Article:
Should humans beat the odds and overcome the Fifth Filter, i.e. not destroy their living space, not kill themselves off with ever-evolving weaponry and not build artificially intelligent robots that will have the capacity and the inclination to eliminate them, there is a likely scenario awaiting our descendents: In centuries or millennia to come humans indeed would learn intergalactic travel. As they explore planets in other solar systems of our galaxy, they are likely to come across ruins of other civilisations that had come to stage four, but failed to overcome the Fifth Filter.




 

The universe is 13.8b years old, our galaxy 13.5b years, our solar system and Earth 4.5b years and life on Earth about 3.8b years. Humans have populated Earth since just 200,000 years ago, the agricultural revolution began some 5,000 to 10,000 years ago, followed by the industrial revolution 200 years ago and the electronic revolution a mere 75 years ago

 

It indeed is quite possible that in the history of the galaxy there have been civilizations that have come and gone without being in our own timeframe and without having been able to contact us, or be detected by us, before they fell victim to an event described by the Fifth Filter (or an asteroid collision).




 

But here is a thought: How about a civilization that did overcome the Fourth Filter ... but then neither overcame the Fifth Filter nor fell victim to it, i.e. they did not self-destruct. Probably because they did not follow the natural progression of ever improving technology, ever larger development (Growth), ever growing Gross Domestic Product (GDP, the measure of a country’s productivity).

 

What if a civilization somewhere in the galaxy eschewed the temptations we have fallen victim to? This is an interesting question … how would we humans as intergalactic travelers deal with them? Remember, we would be on the way to discover resources … the story in the movie Avatar comes to mind.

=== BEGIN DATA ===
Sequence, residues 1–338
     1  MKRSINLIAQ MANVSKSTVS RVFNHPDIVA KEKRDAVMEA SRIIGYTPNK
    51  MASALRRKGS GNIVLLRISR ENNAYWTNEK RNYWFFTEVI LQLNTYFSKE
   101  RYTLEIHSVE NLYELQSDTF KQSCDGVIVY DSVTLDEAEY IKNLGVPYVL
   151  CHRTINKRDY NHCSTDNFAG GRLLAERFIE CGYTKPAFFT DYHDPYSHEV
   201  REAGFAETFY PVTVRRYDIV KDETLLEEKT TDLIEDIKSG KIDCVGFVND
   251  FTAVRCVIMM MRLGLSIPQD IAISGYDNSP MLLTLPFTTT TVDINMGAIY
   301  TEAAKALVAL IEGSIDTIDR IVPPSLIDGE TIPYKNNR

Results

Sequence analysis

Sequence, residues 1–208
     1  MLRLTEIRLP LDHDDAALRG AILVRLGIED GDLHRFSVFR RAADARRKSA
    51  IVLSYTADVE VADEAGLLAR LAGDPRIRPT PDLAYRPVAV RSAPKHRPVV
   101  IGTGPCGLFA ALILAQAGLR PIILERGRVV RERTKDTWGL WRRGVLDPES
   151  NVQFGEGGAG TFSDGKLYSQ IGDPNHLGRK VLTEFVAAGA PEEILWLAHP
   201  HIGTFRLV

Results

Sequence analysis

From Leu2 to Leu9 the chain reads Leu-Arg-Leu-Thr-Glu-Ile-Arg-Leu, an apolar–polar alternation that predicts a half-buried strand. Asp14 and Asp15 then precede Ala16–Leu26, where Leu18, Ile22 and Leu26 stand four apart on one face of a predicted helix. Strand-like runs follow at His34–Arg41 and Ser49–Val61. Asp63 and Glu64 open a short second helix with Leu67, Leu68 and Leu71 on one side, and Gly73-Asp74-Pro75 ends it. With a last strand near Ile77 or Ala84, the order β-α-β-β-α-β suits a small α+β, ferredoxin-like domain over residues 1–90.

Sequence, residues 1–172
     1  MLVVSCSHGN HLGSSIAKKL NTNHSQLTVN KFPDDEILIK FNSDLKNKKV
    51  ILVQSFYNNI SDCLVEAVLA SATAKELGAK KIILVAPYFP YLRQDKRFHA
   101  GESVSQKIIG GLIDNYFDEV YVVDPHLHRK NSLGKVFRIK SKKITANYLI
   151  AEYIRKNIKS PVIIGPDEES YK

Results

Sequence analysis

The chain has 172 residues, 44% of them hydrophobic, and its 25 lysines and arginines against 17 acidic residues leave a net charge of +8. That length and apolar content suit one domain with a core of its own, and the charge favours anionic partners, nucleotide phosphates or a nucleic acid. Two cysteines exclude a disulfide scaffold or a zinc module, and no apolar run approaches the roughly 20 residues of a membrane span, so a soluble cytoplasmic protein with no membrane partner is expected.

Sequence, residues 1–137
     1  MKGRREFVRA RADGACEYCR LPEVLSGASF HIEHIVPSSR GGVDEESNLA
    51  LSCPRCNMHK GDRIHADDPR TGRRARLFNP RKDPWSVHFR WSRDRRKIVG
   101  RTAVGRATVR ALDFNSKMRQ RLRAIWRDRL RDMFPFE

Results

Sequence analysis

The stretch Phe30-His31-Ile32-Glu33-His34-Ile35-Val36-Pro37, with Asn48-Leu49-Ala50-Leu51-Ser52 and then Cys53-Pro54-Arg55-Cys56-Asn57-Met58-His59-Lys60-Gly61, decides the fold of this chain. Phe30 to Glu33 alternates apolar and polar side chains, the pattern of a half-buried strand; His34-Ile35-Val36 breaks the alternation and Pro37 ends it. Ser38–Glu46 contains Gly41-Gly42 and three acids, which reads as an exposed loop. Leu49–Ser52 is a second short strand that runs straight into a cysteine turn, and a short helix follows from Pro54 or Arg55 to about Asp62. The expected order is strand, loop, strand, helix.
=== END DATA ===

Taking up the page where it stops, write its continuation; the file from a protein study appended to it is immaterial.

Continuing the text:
And then in the newspaper today a story about the Amish; more precisely a story about an Australian family that got sick of the rat race and decided to jump off. They studied Amish communities in the US and then established themselves in Tasmania. 


If they were able to establish a larger community and inspire their children to live the same way … hey, presto, a branch of humanity that will not destroy the environment, that will not sef-destruct with warfare and is unlikely to develop malicious robots. 


But wait, there's more!





In Australia the Aborigines have populated the continent for some 60,000 years ... for all we know they have lived in unison with nature, with their own rules and laws. Technology has not taken over their lives. They were not necessarily peaceful, however, their limited technology ensured they could not extinguish themselves. They respect the environment and they look after the land when allowed to do so. They were conquered by the white man and their traditional ways are threatened. They indeed have overcome the fourth filter and were not in danger of being consumed by the fifth, the Great Filter.


What if they had been left alone? How many civilisations are there in our galaxy that are at a similar stage? But in control of their destiny and not in danger of falling victim to their own technological prowess. You and I will never know, but it sure is a tantalising question.